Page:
Jordan landscapes. They talked about using visual effects to match the interiors
of Hungary with the exteriors of Jordan. There were also discussions about the
practical sets and things, such as how they used real potato plants they grew for
the film. * Wrath of the Red Planet: Stunts and Action
- 10:14 - This feature starts with a
behind the scenes look at shooting the storm scene at the beginning of the film
and the stunts involved. Other scenes explained
include wire work for zero gravity and the rescue scene. * Bringing Him Home: Post-Production
- 17:44 - A behind the scenes look at
post-production of the film, including pre-visualization, visual effects, and
storyboards. Scenes and things discussed are the storm at the beginning of the
film, matching the green screen stage footage with exterior shots, helmet
reflections, the future NASA, outside the Hermes, and zero gravity. At the end it
talks about creating the score. Investigating Mars:
* Dare Mighty
feature is a
three stages and they predict humans will be traveling there in the late 2030s.
They talk about what they know about the planet and their plans, which eventually
will include going beyond Mars. * The Journey to Mars 101
- This feature, which is over two hours, is split into
segments, and again, can be played alone or together. # NASA's Journey to Mars
- 47:41 - This featurette is a panel hosted by Weir
with Astronaut Kjell Lindgren, NASA lead scientist for Mars exploration, Michael
Meyer, NASA JPL Mars mission manager, Jennifer Trosper, and NASA's Program
Executive for Solar System Exploration, Dave Lavery. # Living on Mars and Beyond
- 48:13 - This one is Bill Nye hosting a panel with
four scientists: Tom Kalil, Dr. Mason Peck, Neil Gershenfeld, and Dr. Alicia
Jackson. # Why Science Fiction Inspires Me
- 26:23 - This featurette is a panel hosted by
Adam Savage with Scott, Weir, and Goddard. * Ridley Scott Discusses NASA's Journey to Mars
- 1:31 - Scott discusses what he
has been fascinated about and NASA answering his questions. Interspersed with
the interview are images from NASA. Gag Reel
- 7:33 - This is the normal bloopers and the cast fooling around.
Ares Mission Videos
- These can once again be played together or separately. They are basically (fake) documentaries of Mark and the crew's journey. I think it's an interesting set of bonus features, different from the usual fare, and worth watching. * Ares: Our Greatest Adventure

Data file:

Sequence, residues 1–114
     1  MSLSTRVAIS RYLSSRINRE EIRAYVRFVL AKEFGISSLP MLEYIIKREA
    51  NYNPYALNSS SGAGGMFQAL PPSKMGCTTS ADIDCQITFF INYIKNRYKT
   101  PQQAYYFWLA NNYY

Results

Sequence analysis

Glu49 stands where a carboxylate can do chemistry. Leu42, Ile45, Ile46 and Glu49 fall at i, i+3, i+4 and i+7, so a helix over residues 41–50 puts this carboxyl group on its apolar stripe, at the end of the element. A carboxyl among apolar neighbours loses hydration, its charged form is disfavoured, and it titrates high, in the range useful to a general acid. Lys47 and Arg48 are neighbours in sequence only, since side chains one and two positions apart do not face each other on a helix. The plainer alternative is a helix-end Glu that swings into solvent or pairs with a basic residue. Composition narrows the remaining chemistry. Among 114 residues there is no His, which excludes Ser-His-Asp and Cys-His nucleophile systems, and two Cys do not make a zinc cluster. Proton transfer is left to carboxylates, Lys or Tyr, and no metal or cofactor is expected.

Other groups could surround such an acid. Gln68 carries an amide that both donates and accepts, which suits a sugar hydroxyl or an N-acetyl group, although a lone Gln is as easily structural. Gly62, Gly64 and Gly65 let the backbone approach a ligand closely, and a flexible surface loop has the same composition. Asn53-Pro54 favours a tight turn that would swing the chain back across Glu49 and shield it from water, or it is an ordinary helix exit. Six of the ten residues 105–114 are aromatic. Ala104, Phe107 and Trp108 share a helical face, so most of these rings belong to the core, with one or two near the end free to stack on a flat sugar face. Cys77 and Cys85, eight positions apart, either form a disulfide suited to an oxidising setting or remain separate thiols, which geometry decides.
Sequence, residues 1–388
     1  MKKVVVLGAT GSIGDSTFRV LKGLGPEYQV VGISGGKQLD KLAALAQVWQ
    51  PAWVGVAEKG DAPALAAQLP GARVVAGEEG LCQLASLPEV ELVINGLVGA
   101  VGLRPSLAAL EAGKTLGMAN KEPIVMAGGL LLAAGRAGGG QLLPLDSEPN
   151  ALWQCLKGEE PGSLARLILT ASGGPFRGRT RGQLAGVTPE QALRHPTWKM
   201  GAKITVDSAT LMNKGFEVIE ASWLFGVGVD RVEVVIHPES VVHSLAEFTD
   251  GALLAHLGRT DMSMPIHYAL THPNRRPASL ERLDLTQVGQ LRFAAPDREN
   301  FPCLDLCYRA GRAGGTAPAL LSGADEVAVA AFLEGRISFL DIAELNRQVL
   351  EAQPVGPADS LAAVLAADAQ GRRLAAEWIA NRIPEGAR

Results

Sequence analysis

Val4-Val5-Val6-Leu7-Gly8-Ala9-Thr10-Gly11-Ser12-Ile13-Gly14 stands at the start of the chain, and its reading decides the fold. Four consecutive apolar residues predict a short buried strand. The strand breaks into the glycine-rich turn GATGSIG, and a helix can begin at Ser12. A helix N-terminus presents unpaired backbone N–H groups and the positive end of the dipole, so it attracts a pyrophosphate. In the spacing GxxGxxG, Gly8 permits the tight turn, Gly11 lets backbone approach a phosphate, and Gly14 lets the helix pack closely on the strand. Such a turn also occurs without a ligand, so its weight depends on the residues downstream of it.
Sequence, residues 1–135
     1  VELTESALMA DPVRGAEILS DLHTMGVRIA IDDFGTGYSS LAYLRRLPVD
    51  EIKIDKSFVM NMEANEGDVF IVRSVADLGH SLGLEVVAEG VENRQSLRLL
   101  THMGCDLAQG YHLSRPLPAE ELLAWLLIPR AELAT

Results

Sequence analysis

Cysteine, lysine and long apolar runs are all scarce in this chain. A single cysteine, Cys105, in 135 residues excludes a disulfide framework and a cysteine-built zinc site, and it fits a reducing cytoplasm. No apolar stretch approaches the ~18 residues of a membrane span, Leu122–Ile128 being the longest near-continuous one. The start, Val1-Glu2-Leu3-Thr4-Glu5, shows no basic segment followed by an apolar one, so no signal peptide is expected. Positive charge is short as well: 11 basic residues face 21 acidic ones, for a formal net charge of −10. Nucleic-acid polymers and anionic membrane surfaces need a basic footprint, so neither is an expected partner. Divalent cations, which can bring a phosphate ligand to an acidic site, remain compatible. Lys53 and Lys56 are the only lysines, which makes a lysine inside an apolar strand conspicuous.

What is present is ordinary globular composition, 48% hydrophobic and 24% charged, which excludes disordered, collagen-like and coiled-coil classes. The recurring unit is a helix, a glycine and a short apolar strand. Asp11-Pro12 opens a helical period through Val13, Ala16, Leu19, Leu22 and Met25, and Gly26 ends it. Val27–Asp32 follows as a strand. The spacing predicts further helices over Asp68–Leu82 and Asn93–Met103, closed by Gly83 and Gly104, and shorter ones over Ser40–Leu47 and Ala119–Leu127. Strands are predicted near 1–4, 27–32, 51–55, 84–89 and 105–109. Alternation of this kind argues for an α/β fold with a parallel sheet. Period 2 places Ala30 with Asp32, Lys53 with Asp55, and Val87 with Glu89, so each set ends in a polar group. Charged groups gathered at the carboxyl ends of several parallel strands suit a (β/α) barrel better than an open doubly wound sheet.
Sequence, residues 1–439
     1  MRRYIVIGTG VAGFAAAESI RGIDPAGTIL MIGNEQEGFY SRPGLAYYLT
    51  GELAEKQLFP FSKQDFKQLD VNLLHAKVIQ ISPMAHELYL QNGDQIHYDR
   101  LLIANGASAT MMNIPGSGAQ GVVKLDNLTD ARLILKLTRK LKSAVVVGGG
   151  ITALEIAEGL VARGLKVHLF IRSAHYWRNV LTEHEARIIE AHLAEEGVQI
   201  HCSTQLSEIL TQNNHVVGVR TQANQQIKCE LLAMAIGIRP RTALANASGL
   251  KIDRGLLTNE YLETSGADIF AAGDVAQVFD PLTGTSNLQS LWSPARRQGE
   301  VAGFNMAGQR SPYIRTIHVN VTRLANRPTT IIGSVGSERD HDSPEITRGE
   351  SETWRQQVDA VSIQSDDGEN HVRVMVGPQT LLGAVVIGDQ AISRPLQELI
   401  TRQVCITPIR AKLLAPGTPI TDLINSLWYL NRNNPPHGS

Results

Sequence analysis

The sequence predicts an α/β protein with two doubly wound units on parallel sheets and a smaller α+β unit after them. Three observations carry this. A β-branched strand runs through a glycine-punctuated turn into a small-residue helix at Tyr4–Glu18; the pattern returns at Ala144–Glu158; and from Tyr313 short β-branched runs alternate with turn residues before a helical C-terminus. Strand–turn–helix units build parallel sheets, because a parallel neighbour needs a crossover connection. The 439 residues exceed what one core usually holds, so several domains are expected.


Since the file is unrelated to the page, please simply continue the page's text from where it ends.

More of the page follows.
- 3:39 - This one is hosted by Neil de Grasse
Tyson, talking about the technicalities of the crew's journey and what they are
planning to do. * The Right Stuff
- 3:20 - Before leaving for Mars the crew members each spent ten
days in isolation as part of a training exercise and then were interviewed by a
NASA psychologist. This feature is of those interviews from the Ares Archives. It's
a fun feature. * Leave Your Mark
- 1:03 - This is a feature on Watney, and is a fake commercial
for Under Amour. * Ares III: Farewell
- 3:35 - This is footage from the Hermes of Watney introducing
the crew with little popup info for home viewers. * Bring Him Home
- 1:34 - This one is fake ad campaign about bringing Watney
home, showing people from around the world, designed to give people hope. * Ares III: Refocused
- 17:18 - Another fake documentary that focuses on the
revelation that Watney was stranded and what NASA was doing and not doing
about it. There are interviews with the different characters that worked on the
rescue. Production Art Gallery
- This is a slideshow of photos from Earth, Hermes, and Mars. It includes production art and stills. There is auto and manual mode. Theatrical Trailers
– There are four different trailers for the film that can be played together or separate. Packaging: The Martian Extended Edition
on Blu-ray includes both the original theatrical version and the extended cut, which adds around ten minutes to the film.
The disc set, which comes in the normal clamshell case, contains two discs. Disc one contains the theatrical and extended edition of the film, as well as the audio commentary. Disc two contains all of the special features, minus the commentary. There is also a digital copy, which on the reverse side of the sheet contains an ad for a game on the app stores.
In conclusion, the film itself is worth a watch, and the bonus features on this set are massive, so even if you've already seen the film, the disc set is still worth it for the extras alone. I highly recommend The Martian Extended Edition
.The Martian Extended Edition
Bonus Clip: Deleted Scene - Mark Looks at Earth From Hermes
The Martian Extended Edition
Bonus Featurette Clip: Dare Mighty Things - Proving Grounds